You can rent out a ballroom in a major Indian city and feed 300 guests for about $20-$30K USD (obviously some more, some less).

Maybe it makes sense to do your overseas wedding, and then add another event in India for your extended family?

Or vice versa?

It sounds silly now, but trust us as the day gets closer and all the family things steamroll together, it's an option.

5. Time of the Year for your Shaadi

December is a horrible time to fly anywhere.

The last thing you want is a wedding in either country and those who waited till November to book a December flight realize it's $2000 USD, not $800 like it was four days ago.

Make sure you factor that in, and also knowing hotels for big weddings in India get booked at least 8 months in advance.

Guests will wait to book flight tickets, and then bail when it's double the cost in high season.

6. What are the differences between an Indian wedding in America versus an Indian wedding in India?

If not clear from above, the other major differences are:

  • You'll likely have to invite everybody in India who your family has ever spoken to, (unless Goa or Destination in India wedding)

  • India has easier fashion choices than America (and better styles)

  • Food options are way better in India for Indian food, where it's just called food.

  • Per plate costs will probably be cheaper in most Indian hotels, but what you save will go to extra guests coming.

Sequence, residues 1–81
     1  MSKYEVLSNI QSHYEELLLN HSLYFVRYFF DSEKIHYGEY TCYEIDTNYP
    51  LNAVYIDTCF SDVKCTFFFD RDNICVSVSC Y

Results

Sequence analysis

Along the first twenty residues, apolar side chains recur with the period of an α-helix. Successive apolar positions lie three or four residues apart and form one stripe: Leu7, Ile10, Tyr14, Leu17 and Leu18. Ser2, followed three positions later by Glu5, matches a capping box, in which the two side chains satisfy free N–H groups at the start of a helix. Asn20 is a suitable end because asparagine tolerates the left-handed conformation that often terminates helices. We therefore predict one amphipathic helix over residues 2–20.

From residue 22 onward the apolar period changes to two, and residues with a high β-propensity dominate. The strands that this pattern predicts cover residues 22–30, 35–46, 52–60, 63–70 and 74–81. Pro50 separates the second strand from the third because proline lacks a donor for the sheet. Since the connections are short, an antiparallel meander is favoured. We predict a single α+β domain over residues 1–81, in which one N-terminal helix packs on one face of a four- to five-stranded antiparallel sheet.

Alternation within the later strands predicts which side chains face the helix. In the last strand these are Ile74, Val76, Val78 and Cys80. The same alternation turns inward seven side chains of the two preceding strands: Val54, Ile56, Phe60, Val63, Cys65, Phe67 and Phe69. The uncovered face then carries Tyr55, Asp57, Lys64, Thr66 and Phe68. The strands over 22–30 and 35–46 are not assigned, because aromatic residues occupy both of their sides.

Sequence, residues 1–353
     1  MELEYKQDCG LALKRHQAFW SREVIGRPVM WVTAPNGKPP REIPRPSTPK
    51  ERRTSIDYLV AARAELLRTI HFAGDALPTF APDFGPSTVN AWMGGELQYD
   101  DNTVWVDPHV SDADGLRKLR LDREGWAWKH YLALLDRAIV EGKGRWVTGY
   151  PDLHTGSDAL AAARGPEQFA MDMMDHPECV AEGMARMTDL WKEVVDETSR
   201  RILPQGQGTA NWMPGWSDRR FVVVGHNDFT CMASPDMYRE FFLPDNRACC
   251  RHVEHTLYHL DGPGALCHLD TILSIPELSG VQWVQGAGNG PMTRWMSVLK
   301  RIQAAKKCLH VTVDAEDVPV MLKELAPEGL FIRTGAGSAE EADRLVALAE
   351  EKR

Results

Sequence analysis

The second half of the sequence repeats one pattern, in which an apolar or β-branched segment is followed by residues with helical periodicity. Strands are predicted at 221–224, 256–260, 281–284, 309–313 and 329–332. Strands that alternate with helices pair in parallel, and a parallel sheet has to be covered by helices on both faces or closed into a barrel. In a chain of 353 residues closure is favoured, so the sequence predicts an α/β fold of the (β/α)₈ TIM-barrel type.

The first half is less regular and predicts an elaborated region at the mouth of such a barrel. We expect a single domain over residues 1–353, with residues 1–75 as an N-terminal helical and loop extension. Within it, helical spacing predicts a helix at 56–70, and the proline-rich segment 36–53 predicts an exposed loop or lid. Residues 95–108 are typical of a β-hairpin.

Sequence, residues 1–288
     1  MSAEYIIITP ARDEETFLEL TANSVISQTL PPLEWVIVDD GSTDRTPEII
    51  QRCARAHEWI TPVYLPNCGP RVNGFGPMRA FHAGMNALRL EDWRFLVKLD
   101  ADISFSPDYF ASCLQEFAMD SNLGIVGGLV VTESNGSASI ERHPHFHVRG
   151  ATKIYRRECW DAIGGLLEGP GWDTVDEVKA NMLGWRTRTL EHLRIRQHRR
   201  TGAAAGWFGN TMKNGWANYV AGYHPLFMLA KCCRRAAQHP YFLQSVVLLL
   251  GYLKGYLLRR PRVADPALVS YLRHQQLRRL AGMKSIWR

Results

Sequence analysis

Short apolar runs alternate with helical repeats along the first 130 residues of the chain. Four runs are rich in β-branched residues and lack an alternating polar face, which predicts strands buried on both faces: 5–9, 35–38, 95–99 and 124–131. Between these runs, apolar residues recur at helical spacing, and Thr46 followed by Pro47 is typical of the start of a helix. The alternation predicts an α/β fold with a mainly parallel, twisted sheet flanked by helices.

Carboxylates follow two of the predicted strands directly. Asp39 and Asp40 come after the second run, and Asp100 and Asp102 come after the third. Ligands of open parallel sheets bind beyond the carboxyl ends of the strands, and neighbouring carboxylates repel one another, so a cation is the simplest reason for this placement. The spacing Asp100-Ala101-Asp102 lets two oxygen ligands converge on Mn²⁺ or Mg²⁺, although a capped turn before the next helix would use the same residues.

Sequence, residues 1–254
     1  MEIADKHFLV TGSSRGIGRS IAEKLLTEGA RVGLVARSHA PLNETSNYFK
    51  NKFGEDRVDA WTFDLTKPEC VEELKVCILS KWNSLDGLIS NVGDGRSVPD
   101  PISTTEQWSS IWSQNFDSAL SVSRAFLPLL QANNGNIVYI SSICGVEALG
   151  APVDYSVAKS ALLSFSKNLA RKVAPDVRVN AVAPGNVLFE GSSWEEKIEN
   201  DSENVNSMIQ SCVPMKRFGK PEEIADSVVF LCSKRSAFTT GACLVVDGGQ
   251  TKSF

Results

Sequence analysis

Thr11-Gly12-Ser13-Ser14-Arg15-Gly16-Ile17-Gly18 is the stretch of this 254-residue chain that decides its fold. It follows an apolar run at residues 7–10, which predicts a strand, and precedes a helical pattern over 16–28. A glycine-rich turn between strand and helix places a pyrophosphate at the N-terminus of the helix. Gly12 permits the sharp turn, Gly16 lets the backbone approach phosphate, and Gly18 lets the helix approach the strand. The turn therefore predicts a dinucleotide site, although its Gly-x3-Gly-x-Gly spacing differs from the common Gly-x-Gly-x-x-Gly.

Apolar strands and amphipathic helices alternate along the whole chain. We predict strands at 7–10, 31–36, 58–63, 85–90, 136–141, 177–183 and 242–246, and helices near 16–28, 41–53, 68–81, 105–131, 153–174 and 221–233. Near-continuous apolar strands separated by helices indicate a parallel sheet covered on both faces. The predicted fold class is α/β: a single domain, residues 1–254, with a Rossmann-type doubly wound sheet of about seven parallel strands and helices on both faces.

Indian Wedding America versus India for shaadi
So where's it gonna be champ?

6. Planning an Indian Wedding in America

In India, you can literally cut somebody a check, and then check your emails weekly for pinterest boards and mood boards and have them handle your entire wedding. If you're not too picky, you could honestly just walk in and be like "wow, fancy, cool...grab me a drink."

In America the wedding planners like to do meetings, consultations, and get your opinion on almost everything, which to be fair, is totally understandable given the risk of you being unhappy with the centerpieces, when wedding decor costs the same as a Tesla.

Long story short, wedding planning is a lot more inclusive process in America (and more expensive) so if you're very hands-on and have the budget, then it makes sense for that too.


What wedding Priorities are important for your FAMILY?

  • The food?

  • The Decor?

  • The surroundings?

  • The traditions and religious customs?

  • The ease of Indian vendors for all of that?

Doing a wedding in any major US city will have plenty of options, and ditto for Toronto/Vancouver and the middle east and South East Asia.

A lot of people choose to have a wedding in India (again, talking to the NRI crowd here) because they think there is just a lot more choices.

But with flights so cheap and plenty of time to shop, you really need to think long and hard about why.

If your groom's entire family is in India and you can manage getting 50 over there, perfect.

If not, then maybe have two events in either country?

Regardless of whatever decision you make, you will have a great time.

But before just thinking "we'll do it India!" or even "we'll do it in Hawaii" make sure you sit down with both parents and flesh out the pros and cons of each. You won't be sorry!

Have any other questions or comments about the same? What did you do for your own wedding? Any regrets or very happy experiences? Let us know by commenting below or message us on Facebook or Instagram!